OK, for real: Guys shouldn't be defending street harassment
We know that catcalling is a problem, and that women endure it on a regular basis. We know that it’s a verbal assault that feels threatening and can sometimes lead to violent behavior. We know it’s a problem that has to stop.
The thing is, not everyone thinks street harassment is a problem. CNN recently invited author of “The MANual” Steven Santagi, a ‘bad boy’ expert to sound off on a street harssment viral video and the topic of street harassment in general. Santagi informed the female CNN host and the other expert he shared the panel with, New York comedian Amanda Seales, “I’m more of an expert than you and I’ll tell you why, because I’m a guy and I know how we think.”
This is how Amanda Seales summed up the problem of catcalling: “This is not complimentary. Which is funny because I think guys, by letting you know that they would be interested in sleeping with you, that that is the compliment, and actually it’s just objectifying me when I’m trying to walk in my daily life.”
Which is, by the way, exactly how I feel about street harassment. I would venture to say it’s how most women feel about street harassment. We just want to be able to go out in public and live our lives without feeling bothered, disrespected, manipulated, attacked, and unsafe. And to be fair, A LOT of guys totally get that. But those few, like Santagi, who defend the act, seem to be missing where we’re coming from.
Santagi insisted that catcalling was a “compliment.”
“The bottom line is this, ladies. You would not care if all these guys were hot,” he begins.”They would be bolstering your self-esteem, bolstering your ego. There’s nothing more a woman loves to hear than how pretty she is.”
He later says: “So you’re telling me then that if I compliment you on the street then that it’s some sort of abuse, no matter how I choose to do it?”
(Here’s the entire video, if you want to see a guy get shut down.)
These are all the faces the women who shared the screen with Santagi, while he went on and on and on about street harassment, because these are the faces you make when the person you are sharing the screen with won’t stop saying insane things.
Unfortunately, Santagi isn’t the only guy with a platform spouting confused ideas about catcalling. Lately, there’s been a handful of dudes who don’t seem to have our back on this issue. And it’s not good for women, or—as Santagi saw after the response he got—guys either. We need to be united on this front and it doesn’t help when men, who may not have experienced street harassment to the degree women have, weigh in without compassion.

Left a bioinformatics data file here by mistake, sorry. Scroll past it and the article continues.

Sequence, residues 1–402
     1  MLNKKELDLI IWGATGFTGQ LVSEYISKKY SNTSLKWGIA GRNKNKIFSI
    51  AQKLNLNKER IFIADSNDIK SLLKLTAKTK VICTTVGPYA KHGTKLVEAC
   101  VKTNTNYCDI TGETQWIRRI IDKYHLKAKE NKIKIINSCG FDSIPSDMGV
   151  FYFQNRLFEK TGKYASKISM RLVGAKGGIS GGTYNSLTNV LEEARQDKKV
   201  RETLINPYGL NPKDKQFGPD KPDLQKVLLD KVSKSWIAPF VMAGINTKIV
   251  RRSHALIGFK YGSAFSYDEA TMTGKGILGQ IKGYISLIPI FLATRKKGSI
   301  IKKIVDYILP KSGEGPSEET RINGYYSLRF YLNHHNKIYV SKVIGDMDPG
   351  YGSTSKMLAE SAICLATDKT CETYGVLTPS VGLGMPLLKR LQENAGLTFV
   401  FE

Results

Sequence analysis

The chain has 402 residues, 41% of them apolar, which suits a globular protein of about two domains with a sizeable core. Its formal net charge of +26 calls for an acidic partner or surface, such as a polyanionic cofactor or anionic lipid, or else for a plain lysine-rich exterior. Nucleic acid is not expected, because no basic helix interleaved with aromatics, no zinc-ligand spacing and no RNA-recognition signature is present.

Here’s the bottom line: most people don’t want to be engaged by strangers on the street. Most people don’t want any kind of interaction, even if it’s in the guise of a “compliment.” People get compliments from their friends and parents and romantic interests, they don’t need compliments from strangers. The street is a place where we should all keep to ourselves and mind our own business. And men enjoy the privilege of privacy, invisibility, anonymity on the streets. Women should enjoy this privilege too. It shouldn’t be a privilege, it should be a right. Women don’t need to be told they’re pretty by someone they don’t know. Women need to feel like they can go about their lives without being bothered by random men.
In order to do this, we need guys to understand where we’re coming from. We need men that are going to stand up and say “This is not okay. You don’t want this attention and you shouldn’t have to deal with it. I want you to feel safe and respected on the streets. I want you to have the experience I have walking down the street.” We need those men to stand up for the women they know and love in their lives. We need those voices drowning out the men who want to diminish the experiences of women for whom the streets are a battlefield, for whom it’s a fight just getting from one street corner to the next.
Stop Street Harassment has a great resource section for male allies. (And there are plenty of awesome male allies out there.) This is exactly what we need. Men who aren’t going to tell women how they “should” feel about street harassment, but rather men who are actually going to LISTEN to how women feel and use their influence to make a difference.